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The Black Scorpion

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In The Black Scorpion, volcanic eruptions in Mexico free giant scorpions from underground who start terrorizing the people. Fortunately they attack each other until only one is standing … And that one is going to be killed in the stadium of Mexico City!

The Black Scorpion (1957) starring Richard Denning, Mara Corday

Giant prehistoric scorpions arise from the earth to cause devastation in Mexico? Check. American scientists coming to investigate strange phenomenon? Check. Beautiful female rancher for one of them to fall in love with? Check. Cute little boy who needs to. be repeatedly rescued? Check. Willis O’Brien’s animation being done on a shoestring? Unfortunately, check.

The Black Scorpion lobby card

Buy from Amazon In short, The Black Scorpion is an enjoyable popcorn movie, but not groundbreaking in any way. The actors are all good, the animation of the monsters is fine — except for the closeups. Those are simply horribly cheesy, and take the audience out of the movie.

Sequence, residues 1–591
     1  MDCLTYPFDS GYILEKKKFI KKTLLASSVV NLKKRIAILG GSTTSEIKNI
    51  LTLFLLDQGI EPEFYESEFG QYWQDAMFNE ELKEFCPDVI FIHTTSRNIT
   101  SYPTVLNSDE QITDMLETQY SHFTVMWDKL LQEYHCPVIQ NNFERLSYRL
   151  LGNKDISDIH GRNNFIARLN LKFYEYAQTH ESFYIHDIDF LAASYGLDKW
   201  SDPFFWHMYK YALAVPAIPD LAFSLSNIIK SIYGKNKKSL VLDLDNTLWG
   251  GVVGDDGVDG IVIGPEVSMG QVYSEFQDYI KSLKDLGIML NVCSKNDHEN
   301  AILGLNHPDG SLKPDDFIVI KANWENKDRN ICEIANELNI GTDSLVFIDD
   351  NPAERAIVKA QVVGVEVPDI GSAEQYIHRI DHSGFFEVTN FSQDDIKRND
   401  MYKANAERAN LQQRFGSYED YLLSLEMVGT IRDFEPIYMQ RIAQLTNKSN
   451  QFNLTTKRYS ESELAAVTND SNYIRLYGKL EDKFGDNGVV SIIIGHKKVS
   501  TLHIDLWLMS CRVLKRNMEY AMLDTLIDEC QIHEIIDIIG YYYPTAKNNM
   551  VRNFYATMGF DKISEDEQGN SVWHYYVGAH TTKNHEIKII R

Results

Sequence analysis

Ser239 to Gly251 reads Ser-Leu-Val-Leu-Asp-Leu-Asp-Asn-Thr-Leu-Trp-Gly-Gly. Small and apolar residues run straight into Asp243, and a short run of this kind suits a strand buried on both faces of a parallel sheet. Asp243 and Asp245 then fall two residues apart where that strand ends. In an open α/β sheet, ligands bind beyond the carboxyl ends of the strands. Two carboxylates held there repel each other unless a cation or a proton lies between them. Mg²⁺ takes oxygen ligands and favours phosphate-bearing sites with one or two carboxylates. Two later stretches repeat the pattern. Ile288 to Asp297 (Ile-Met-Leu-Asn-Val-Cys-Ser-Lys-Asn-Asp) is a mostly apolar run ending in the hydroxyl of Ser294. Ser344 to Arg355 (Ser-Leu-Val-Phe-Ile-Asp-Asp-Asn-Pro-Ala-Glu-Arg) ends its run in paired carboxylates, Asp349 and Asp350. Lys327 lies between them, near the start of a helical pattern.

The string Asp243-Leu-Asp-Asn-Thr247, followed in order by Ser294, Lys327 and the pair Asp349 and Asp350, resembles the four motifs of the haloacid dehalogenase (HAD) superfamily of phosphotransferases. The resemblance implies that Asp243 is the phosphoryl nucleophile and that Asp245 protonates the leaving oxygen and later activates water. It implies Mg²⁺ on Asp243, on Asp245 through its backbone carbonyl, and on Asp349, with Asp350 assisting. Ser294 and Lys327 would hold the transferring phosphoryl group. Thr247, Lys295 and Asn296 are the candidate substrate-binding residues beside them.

In short, The Black Scorpion is an enjoyable popcorn movie. It’s not great, but it is enjoyable.

Product Description

Giant scorpion fight

It’s giant man-eating bugs battling humans to the death again … and the future of civilization hangs in the balance! When earthquakes release a swarm of giant scorpions from a subterranean cavern in Mexico, the oversized arachnids go on a voracious rampage, slaughtering everyone in their way before the Mexican army stops them all … Except the biggest, meanest and hungriest of the deadly invertebrates, which heads straight for Mexico City with a taste for humans in this 1950s science fiction classic.

Cast of characters

Trivia (courtesy IMDB)

  • Willis O’Brien came in for ridicule with the close-ups of the scorpions, with their immovable bug eyes and massive drool.
  • Willis H. O’Brien and Pete Peterson began filming the special effects of this film in a large remodeled dressing room at the Tepeac Studios in Mexico City, but when money became tight they finished the picture in Peterson’s garage in Encino, California.
  • The trapdoor spider that attacks Juanito in the scorpions’ underground home is one of the original models left over from the famous deleted spider sequence in King Kong (1933)
  • The volcano shown at the beginning was Paricutin which erupted in 1943 and was active for about a decade.
  • The sounds of the scorpions are the same sounds as the ant chirps in Them!.
  • A typical Willis O’Brien touch – in a long shot of the cage descending into the cave, a tiny stop motion bat flies across the screen. Only O’Brien would add another day’s work to a scene where it would be barely noticed. 

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